first field trip

Quinn (2nd from left) on a field trip to the local fire station, posing with her preschool class and the fire captain.


on peanut butter sandwiches and milkshakes

This week has been a week of earlier than the already horribly early risings of the sweet little Quinn due to the "falling back" rule.  And a week of holy crap it's only 5:30 pm and it feels like 10.  These time changes are evil, you know?

Thankfully I have several friends with children who have confirmed that indeed this week has been painful for them as well. 

As the parents, we groan and yawn and deal with the ramifications of such an insane rule that surely was meant only to disrupt our neat and tidy routine.  The children, however, are expectedly not as well equipped to cope with this change, since they have no clue it has even occurred.  (Read:  Quinn is crabby as hell and complaining all during her waking hours).

Yesterday at lunchtime, after short discussion, the children and I elected to have peanut butter sandwiches.  I can't clearly recall the exact event that preceeded her whine-fest, but anyway there was a whine-fest while I was trying to prepare lunch. 

So I pulled out the ol' not-so-reliable shock statement used by parents to elicit a child's appreciation for food. 

Me:  "You know Quinn, I have something to tell you."

Quinn:  "What Mommy?"

Me:  "There are little children whose parents do not have enough money to buy peanut butter.  Those little children have never even TASTED peanut butter!"

Quinn:  *look of sheer horror*, followed by a tearful "WHY???"  (yes, real tears over such an atrocity.)

Me:  *satisfied to have evoked an emotional response*  "Because, not everyone is as lucky as you are, Quinn.  We should always remember how lucky we are to have nice things like peanut butter."


Tonight Casey tells me a story.  When he picked up Quinn from preschool this afternoon, he brought a milkshake for them to share as a special treat.  (Which by the way she took 1 SECOND to spot when they got into the vehicle).  Back and forth they took turns sipping, with Quinn drinking most of the shake.  Casey drank the last sip. 

Quinn:  (howling with drama)  "DADDY!  You drank ALL of MY milkshake!!!"

Casey:  "Honey, it was our milkshake to share.  There was one tiny sip left and I just finished it.  You got plenty of milkshake."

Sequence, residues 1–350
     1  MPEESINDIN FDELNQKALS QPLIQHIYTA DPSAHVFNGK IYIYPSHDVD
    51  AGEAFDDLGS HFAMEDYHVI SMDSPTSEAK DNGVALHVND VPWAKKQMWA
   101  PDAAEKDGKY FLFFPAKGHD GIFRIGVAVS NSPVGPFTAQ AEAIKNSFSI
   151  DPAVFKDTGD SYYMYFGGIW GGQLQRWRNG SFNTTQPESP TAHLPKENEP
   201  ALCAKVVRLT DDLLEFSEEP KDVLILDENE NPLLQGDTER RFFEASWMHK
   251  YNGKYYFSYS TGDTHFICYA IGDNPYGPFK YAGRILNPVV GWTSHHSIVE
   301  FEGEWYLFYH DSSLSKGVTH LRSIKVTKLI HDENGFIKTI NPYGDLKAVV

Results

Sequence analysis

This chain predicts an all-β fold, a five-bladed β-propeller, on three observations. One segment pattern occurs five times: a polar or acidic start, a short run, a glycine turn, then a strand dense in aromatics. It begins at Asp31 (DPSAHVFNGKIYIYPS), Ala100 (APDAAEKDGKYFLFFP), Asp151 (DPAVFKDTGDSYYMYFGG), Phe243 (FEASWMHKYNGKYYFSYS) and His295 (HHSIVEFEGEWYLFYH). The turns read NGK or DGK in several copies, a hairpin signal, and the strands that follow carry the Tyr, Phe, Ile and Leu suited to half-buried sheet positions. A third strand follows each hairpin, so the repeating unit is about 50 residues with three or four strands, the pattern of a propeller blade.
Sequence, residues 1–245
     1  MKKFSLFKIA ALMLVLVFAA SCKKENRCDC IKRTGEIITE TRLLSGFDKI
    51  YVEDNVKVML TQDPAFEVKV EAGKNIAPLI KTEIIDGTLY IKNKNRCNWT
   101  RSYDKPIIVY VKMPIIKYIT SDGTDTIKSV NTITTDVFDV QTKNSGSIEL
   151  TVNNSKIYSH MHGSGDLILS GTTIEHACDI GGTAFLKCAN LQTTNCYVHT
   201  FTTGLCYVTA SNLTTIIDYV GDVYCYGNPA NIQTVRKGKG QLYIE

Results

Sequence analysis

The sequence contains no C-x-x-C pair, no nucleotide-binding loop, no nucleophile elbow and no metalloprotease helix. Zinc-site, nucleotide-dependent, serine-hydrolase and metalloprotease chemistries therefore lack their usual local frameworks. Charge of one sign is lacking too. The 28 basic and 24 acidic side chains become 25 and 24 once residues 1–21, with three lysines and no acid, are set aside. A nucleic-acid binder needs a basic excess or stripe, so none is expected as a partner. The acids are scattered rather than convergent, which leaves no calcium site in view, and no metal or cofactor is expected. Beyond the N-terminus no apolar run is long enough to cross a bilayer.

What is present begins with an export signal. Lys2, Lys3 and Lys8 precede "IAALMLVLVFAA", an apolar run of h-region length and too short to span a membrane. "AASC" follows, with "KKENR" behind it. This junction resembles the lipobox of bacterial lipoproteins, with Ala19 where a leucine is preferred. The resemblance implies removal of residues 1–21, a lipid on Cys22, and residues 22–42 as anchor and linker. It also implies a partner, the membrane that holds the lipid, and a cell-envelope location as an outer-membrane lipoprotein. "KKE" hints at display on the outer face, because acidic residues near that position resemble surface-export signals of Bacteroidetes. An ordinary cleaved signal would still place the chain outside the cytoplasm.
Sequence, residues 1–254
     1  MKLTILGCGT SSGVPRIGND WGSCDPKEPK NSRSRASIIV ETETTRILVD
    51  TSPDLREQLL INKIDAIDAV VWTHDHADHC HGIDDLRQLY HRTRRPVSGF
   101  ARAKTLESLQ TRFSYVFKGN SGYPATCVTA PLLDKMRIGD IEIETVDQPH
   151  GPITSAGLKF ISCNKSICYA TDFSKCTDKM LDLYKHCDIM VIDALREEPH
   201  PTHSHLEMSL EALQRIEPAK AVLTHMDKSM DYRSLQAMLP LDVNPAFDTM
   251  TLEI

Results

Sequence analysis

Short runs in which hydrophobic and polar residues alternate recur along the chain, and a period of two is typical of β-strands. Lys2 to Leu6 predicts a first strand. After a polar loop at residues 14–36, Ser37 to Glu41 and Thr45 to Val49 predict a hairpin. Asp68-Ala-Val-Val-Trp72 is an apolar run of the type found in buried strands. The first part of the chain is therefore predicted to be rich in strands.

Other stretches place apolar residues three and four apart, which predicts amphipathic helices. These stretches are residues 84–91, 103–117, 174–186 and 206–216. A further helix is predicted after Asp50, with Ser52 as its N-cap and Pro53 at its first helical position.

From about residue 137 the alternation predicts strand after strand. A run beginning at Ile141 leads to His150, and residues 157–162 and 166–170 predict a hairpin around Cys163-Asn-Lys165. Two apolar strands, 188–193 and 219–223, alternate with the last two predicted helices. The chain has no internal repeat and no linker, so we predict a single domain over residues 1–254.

Quinn:  "Daddy, that is NOT how you are supposed to treat your children."


Wow, seriously?  Back to square one.  This lesson might take a few rounds to sink in.


football girl

I'm a football girl.  Sometimes I yell louder than my husband when watching a game.  I really never had a choice in this matter though.

During most of my childhood, our family had one television.  Said television was tuned in to Green Bay Packers football every Sunday without fail, and Sundays when my mother was at work meant football ALL day.  I suppose I spent perhaps my first ten years hating Sundays, pouting and scowling in objection, and eventually retreating to my bedroom to find something else to do when my efforts failed. 

Somewhere along the line, I caved and started to watch and listen.  I became one of very few little girls who knew full well what a first down was and knew the difference between a tackle and a sack.  I began to ask Dad questions during the game, and he explained it all.  I knew that the coming of Fall signified the coming of the football season, and I looked forward to it eagerly.

Sundays during the off-season meant watching reruns of Gunsmoke, so can you really blame a girl?

My favorite person to watch the game with to this day is still my dad.  He's hilarious, entertaining, and continues to enlighten me with little tidbits about the game that I have yet to learn.  And he's always right.  Nobody knows a horse-shit call like my dad.

This season I'm thrilled to be going to my second live Packers game with some girlfriends.  Apparently they caved somewhere along the line too and became football girls, so we get along well.  I can't wait to be there on the sidelines cheering on my favorite team.